Adapted from “What Negotiators Can Learn from Improv Comedy,” by Lakshmi Balachandra (lecturer, MIT Sloan School of Management) and Michael Wheeler (professor, Harvard Business School), first published in the Negotiation newsletter.
You’re onstage without a script, relying on your mind and wits to come up with lines and actions that advance the game. Should you trust your fellow players? It seems you have no choice. You have to say something and hope you achieve the desired reaction from your audience.
Such is the task of a negotiator—and a comedy improvisation performer. Like improv performers, great negotiators have a knack for being quick on their feet. They seize unexpected opportunities and respond swiftly to sudden threats. They sense instantly when they’ve stepped on someone’s toes, and they have the grace to make just the right apology. For many of us, such moments of recognition come too late; only after we’ve left the meeting do we think of the perfect response.
The good news: Quickness can be learned, whether you have abundant natural talent or only a little. Comedic improvisers learn fast thinking by following certain rules. By mastering them, every performer has the chance of earning laughs.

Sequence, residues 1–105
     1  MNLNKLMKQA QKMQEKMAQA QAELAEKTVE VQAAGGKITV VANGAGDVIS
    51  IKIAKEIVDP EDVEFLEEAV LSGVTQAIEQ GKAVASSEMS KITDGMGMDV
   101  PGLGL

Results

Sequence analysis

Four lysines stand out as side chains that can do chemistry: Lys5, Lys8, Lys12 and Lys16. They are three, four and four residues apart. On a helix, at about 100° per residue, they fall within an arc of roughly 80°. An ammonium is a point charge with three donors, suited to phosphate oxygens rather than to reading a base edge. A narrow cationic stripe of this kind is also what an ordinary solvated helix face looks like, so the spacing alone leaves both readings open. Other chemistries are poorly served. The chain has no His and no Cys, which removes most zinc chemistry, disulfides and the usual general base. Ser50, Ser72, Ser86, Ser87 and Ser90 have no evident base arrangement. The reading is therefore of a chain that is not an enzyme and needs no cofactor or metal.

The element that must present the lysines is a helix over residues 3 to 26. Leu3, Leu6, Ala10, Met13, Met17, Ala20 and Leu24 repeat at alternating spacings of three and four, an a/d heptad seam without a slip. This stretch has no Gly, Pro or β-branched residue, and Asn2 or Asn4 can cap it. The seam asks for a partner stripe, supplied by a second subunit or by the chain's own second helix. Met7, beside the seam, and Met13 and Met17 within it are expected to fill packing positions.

One cardinal rule of improv comedy is acceptance, which includes not negating what your counterpart says or does. If someone begins a skit by shivering and saying,” Gosh, it’s cold up here at the North Pole,” it’s bad form to respond, “What are you talking about? We’re in the middle of the Sahara.” Improv comics accept each other’s “offers,” even if they’re unexpected or unwanted. Without the “yes, and…” norm, players would battle each other to define the scene and their relationship.
In negotiation, when the other side makes an unrealistic proposal, a firm “no” can be essential. But you’d often be wise to follow the “yes, and…” rule. Suppose a contractor interested in remodeling your office suite floats this proposal: 1) a floor plan that’s tricky to implement but perfectly suited to your team’s needs; 2) a price quote that’s slightly higher than you’d like; 3) completion in 10 months rather than your desired six-month time frame. If you’re not careful, you might immediately rattle off all the reasons why the third item is unworkable.
Before yielding to that negative impulse, consider where a “yes, and…” approach could take you. You might say, “I appreciate your willingness to accommodate our floor plan, which allows us to reciprocate on price. Now let’s figure out how to meet your need for extra time without causing us big headaches.” They may push back, but the “yes, and…” approach solidifies your progress and avoids painting your counterpart into a corner.
`Saying “yes, and…” isn’t easy in negotiation. When you’re on the receiving end of an unworkable demand, you may feel your only choice is to cave in or fight back. If you’re quick on your feet, however, you may identify an alternative: accepting a glass that’s half full and then coaxing your counterpart to top it off.